During this time we received extraordinary hospitality from Tanzanians: A woman spotted us camping near a church and promptly invited us to her home where we camped. The same thing happened one night later, when a student addressed us with fluent English and invited us. Finally, at a Catholic mission, we asked for permission to camp, which was immediately followed by “Of course!” To our surprise, one of the nuns was from Italy and 90 years old. Sister Rita helped build this mission, which includes a large farm, kindergarten and modern clinic. Of course they did not let us camp like other Catholics in Africa so far, but showed us a room and invited us to dinner. Thank God!
The inconspicuous capital
After a little more than two weeks cycling, we finally arrived in Dodoma. I had contacted a host from warmshowers here and was surprised that a Nepalese family opened the door for us. They lived here for over two years and had a large plot. They let us stay in a small building on the edge of the property and invited us to a barbecue. The family had to travel to Dar es Salaam the next morning – we asked if we could stay a week and the answer was positive. Excellent! Dodoma is the capital of Tanzania, but you would not expect it. There are no major buildings or embassies here, and even some ministries are missing – all that remains in the coastal economic capital, Dar es Salaam. Similar to Naypyidaw in Myanmar, Dodoma is just a capital on paper.
During our break in Dodoma we also took care of Zambian visas. Some citizens, such as Germans, can receive an uncomplicated visa upon arrival, but not Taiwanese – so Yuily must apply for the visa in advance. Fortunately, this is possible online, so we uploaded the documents, such as cover letter, photo and passport copy, paid online and waited. My visa was approved after an hour, while Yuily still had to wait for an answer. We set off on the way.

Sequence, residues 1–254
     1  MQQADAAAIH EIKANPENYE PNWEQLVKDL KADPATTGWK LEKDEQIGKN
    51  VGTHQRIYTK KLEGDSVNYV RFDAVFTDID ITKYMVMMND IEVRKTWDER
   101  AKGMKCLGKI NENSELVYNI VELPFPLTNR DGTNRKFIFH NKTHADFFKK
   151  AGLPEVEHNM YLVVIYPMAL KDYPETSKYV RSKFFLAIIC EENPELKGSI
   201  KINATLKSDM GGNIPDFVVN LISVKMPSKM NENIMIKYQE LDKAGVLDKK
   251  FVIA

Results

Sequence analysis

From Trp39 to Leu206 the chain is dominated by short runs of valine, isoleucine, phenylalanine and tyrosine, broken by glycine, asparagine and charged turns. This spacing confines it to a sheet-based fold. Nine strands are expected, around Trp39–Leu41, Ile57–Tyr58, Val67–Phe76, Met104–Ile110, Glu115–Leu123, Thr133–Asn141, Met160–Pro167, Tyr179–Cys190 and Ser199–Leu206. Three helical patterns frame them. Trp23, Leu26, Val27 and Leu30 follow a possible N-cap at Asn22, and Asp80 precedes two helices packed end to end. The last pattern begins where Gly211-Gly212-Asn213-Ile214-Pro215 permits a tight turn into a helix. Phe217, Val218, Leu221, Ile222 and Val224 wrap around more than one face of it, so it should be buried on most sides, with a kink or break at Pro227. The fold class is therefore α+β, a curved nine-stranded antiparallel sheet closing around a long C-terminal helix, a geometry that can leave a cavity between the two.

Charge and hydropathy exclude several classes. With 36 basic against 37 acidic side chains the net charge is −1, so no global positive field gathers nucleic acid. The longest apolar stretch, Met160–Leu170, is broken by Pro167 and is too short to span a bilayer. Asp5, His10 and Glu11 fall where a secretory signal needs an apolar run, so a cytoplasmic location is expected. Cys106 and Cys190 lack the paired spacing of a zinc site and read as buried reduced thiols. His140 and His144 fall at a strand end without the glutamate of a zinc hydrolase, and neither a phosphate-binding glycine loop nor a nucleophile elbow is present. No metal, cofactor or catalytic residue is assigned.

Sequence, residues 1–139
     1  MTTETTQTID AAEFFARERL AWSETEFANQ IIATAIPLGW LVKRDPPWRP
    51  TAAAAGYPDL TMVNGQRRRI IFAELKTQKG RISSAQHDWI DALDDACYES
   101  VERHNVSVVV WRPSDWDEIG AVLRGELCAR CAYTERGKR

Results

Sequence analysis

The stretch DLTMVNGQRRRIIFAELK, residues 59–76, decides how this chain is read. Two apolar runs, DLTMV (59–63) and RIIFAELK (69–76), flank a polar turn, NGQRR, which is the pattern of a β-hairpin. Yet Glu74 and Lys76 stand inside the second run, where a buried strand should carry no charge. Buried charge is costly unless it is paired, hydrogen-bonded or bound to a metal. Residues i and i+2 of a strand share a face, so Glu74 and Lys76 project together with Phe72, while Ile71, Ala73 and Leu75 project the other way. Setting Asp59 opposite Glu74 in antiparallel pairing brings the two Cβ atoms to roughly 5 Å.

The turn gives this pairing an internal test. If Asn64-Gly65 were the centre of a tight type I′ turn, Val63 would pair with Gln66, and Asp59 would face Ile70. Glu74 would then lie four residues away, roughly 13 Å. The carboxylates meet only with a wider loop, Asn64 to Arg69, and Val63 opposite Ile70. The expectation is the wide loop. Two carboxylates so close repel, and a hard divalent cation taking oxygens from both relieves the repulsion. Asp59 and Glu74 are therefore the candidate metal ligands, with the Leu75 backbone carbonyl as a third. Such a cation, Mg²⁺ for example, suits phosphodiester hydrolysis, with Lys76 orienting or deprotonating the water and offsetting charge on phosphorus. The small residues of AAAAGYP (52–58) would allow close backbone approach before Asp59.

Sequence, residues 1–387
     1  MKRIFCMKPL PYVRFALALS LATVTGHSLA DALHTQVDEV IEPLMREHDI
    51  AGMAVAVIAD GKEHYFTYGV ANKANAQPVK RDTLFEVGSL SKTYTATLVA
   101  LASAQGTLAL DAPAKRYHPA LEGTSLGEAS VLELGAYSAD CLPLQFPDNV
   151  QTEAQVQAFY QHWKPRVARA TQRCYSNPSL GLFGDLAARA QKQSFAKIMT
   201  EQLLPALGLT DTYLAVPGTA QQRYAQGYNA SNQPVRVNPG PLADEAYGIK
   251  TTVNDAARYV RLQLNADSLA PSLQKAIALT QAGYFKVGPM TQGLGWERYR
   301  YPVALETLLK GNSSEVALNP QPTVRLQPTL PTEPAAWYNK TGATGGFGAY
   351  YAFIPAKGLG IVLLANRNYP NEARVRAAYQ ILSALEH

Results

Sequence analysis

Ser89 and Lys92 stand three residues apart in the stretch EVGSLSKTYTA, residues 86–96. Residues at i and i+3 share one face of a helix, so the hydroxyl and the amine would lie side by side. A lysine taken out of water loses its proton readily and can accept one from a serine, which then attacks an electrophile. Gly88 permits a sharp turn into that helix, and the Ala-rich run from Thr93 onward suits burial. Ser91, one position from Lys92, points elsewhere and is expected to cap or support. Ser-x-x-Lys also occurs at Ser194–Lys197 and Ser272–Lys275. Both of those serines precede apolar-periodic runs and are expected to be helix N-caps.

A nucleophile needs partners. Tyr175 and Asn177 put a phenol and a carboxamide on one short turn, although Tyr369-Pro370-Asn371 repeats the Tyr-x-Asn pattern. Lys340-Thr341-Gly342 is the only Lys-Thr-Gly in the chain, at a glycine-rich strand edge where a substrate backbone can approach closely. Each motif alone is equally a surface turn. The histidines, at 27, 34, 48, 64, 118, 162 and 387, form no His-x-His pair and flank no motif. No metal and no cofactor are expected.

From Dodoma to Iringa we finally left the main road between Dar es Salaam and Kigali after almost 1000 km and consequently the traffic was now much quieter. This road also traverses a relatively low plain with only 600 meters altitude, in which the high temperatures of approx. 36°C was a challenge for us. Tanzania continued to be at its best. After ordering a few drinks in a village pub, a group of teachers invited us to the table and after a short conversation they gave us drinks and one of them invited us to their home for the night. The next night we asked to camp at a school – after the director was found, he even wanted to give us his bed, which we objected to in protest. Thanks to your great hospitality, dear Tanzanians!
Around Mtera we unfortunately noticed that the schoolchildren begged and demanded money. “Mzungu! Money!” That was sad, because that was never the case so far in Tanzania. I can only speculate, but since it was mostly students with the same uniform, the reason was obvious: There was probably a foreigner working as a volunteer in this school, who has distributed pens, notebooks, sweets and possibly even money to the children. Here again an appeal to all: Do not give gifts to children in Africa!!! You are ruining their lives! It creates an image at an early age that the white man always brings things and you never have to take care of them yourself. Even useful items such as notebooks and pens contribute to this. Every village shop in Tanzania sells these things for little money. Africa has to stand on its own feet, and with every pen given to a schoolchild, that’s exactly what we prevent.
A little later, Yuily received the answer to her visa application. This answer had a big effect on our future plans …